Friday, January 25. 2008
George Packer has a piece in the Jan. 28 New Yorker on "The Choice" (Clinton-Obama). At first glance, what's missing is mention of the war that Obama opposed and Clinton and Packer did so much to enable. Then I noticed the following paragraph:
This points out one of the big problem with Hillary Clinton: her embrace of the military. Whether she's done this in order to counter the public sense that she's weak on war -- which was a plausible theory why Bill Clinton was so solicitous of military "solutions" to diplomatic problems during his presidency -- or reflects some other character disorder, I don't get the sense that she's ever learned any better. There's a big and critical difference between thinking that Bush and Rumsfeld made mistakes in how they handled Iraq and realizing that nothng the US armed forces could have done would have accomplished anything resembling the goals of the war. Until she realizes that war is the failure of policy rather than an option, and that the military (at least one deployed all around the world) makes war more likely rather than less, that indeed the US armed forces are nothing more than an engine of failure, she'll never get a grip on what needs to be done on foreign policy.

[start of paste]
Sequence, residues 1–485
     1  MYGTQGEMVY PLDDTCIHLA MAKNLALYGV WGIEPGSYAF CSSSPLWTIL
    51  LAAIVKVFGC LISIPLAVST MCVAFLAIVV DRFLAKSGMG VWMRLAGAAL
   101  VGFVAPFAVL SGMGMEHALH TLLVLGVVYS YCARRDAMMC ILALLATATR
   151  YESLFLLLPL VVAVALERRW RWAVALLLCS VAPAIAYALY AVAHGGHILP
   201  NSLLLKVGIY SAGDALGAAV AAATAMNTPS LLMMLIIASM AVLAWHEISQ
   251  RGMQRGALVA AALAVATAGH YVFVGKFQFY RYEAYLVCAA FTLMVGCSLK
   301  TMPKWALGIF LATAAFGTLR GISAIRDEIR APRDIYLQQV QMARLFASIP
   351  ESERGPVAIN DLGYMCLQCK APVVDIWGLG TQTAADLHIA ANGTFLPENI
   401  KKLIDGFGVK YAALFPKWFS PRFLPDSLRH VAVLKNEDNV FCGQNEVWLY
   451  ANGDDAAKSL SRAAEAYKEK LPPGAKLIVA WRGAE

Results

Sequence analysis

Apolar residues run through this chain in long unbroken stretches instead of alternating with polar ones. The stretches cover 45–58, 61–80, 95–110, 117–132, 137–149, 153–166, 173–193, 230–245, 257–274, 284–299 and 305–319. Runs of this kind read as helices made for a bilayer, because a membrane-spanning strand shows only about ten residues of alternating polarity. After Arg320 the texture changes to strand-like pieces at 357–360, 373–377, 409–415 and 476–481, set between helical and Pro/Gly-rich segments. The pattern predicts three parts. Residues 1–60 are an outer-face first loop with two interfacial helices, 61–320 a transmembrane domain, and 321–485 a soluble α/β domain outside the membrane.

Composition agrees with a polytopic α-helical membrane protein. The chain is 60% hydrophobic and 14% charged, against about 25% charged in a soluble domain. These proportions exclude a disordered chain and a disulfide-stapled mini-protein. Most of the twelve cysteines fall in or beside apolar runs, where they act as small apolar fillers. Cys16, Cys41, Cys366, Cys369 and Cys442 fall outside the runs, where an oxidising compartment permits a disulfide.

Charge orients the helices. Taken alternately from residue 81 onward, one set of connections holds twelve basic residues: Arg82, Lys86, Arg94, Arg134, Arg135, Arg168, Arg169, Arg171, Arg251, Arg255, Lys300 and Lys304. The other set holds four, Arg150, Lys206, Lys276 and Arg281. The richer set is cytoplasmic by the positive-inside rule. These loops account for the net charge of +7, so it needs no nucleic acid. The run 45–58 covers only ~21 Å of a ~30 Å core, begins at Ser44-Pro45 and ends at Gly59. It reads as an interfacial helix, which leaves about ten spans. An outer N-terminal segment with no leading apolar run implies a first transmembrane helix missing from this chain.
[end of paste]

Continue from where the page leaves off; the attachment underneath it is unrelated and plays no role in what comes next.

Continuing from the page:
If you want proof of how little she's learned, note that Richard Holbrooke is one of her top advisers (as he was with John Kerry). Holbrooke was one of the main architects of the liberal interventionism (or what he calls "muscular liberalism") that drove so many of Bill Clinton's misadventures. Morally and intellectually he is no better than Richard Perle, who has much the same ardent desire to kill people to make the world a better place. And Holbrooke's hardly the only such one in the Clinton camp. The Mighty and the Almighty Madeleine Albright is another. But what may prove just as damaging is the simple idea that what the past Clinton administration did was a successful application of American power. Bush's disastrous wars were in most respects unwise escalations of conflicts that Clinton had failed to resolve when he had the chance.
There are, of course, other problems with Hillary Clinton's candidacy. A major one is the desire to break out of the rut of Bushes and Clintons, with their aristocratic and nepotistic overtones. But whoever follows Bush will have to start undoing the effects of numerous bad policies that the US has adopted not just since 2001 but a good deal longer. It's not clear to me that Obama or Edwards are up to the task, but at least they don't have the intimate connection to past wrongs that Hillary Clinton has.